Impact of loneliness on our brain and body

Strong social connections are fundamental to physical and mental well-being… negative health consequences of chronic isolation and loneliness, while harmful at any age, are especially so for older adults. According to a 2015 study published in Perspectives on Psychological Science, the health effects of prolonged isolation are equivalent to smoking 15 cigarettes a day.

AARP December 17, 2016

Wow! There is a difference between being alone by choice and experiencing chronic loneliness. With no sense of connection, a person can be lonely even in a crowded room. On the other hand, a person can feel quite content being alone with herself or himself.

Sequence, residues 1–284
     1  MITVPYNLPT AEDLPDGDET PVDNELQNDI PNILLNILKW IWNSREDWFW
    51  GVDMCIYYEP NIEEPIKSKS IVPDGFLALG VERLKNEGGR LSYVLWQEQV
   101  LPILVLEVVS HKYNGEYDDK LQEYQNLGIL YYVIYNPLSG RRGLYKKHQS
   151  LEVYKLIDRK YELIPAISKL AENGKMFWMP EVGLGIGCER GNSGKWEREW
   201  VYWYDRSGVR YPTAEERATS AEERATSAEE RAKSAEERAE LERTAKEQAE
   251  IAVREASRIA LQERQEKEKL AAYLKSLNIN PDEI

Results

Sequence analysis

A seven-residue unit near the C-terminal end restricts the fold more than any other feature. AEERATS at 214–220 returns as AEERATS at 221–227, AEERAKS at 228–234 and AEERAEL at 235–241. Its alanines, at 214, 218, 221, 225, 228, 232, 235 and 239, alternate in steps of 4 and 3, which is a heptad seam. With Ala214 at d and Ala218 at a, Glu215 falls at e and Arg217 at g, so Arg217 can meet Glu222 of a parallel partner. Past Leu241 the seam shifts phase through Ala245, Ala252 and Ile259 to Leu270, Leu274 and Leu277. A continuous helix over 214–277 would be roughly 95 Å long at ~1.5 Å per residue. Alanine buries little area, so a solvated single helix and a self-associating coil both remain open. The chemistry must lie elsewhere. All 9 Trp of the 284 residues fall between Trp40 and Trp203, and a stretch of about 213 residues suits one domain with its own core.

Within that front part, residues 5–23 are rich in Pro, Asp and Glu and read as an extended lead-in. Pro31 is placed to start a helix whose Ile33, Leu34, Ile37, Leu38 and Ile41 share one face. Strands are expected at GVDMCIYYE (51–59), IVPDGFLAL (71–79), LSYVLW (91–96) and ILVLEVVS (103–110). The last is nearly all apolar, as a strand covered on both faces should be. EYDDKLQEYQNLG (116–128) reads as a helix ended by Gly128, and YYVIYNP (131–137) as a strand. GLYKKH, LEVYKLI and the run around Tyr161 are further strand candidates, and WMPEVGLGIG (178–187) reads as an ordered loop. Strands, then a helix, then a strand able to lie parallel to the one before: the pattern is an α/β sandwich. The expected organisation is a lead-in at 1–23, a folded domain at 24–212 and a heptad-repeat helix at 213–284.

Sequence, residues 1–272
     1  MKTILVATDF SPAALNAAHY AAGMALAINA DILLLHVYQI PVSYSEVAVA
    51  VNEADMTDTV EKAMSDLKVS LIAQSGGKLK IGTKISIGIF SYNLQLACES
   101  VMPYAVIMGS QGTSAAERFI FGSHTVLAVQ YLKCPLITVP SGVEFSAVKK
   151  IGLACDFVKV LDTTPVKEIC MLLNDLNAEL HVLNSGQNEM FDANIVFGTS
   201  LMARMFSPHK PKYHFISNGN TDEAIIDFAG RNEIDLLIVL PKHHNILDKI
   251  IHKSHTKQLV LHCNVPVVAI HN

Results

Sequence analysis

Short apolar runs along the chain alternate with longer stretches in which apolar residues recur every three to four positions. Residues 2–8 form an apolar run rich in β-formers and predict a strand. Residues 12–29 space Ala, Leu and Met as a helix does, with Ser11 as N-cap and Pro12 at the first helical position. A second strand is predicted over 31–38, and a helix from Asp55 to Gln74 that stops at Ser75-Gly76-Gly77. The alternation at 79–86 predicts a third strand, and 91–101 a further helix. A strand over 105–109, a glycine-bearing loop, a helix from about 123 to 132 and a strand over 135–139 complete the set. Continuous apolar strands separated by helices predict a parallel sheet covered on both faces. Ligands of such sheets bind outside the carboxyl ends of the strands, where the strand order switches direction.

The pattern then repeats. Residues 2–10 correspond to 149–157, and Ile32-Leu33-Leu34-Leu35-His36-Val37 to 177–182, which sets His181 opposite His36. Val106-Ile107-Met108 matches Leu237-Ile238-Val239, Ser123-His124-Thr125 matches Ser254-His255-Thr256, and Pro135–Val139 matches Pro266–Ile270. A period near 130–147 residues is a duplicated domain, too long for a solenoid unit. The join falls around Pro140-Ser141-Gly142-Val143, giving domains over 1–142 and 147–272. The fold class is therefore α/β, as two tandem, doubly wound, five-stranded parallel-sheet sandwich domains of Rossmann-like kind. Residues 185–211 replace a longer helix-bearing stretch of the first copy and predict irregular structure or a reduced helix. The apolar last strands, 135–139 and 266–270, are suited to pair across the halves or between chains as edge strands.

Do you wonder if individuals who isolate themselves do so because they truly want to be alone? Or do they actually feel disconnected?

Living at Montgomery Place can bring you closer to others who share common interests, economic and social status, and goals of living healthy. But simply residing here is not a tonic for loneliness. For some, initiating conversations can be challenging, especially if a person suffers from the anxiety of loneliness.

One study on interventions for loneliness found increased opportunities for social interactions had a positive impact on someone feeling lonely. While social opportunities here are plentiful, they still require effort.

So, if you find yourself feeling isolated, step out and join one of the many groups, meetings or social events at Montgomery Place. Keep trying!

And, if you notice someone, who typically doesn’t attend a gathering, extend a warm welcome. Invite them into the conversation. I joyfully witness residents doing just that every single day.

Deborah Hart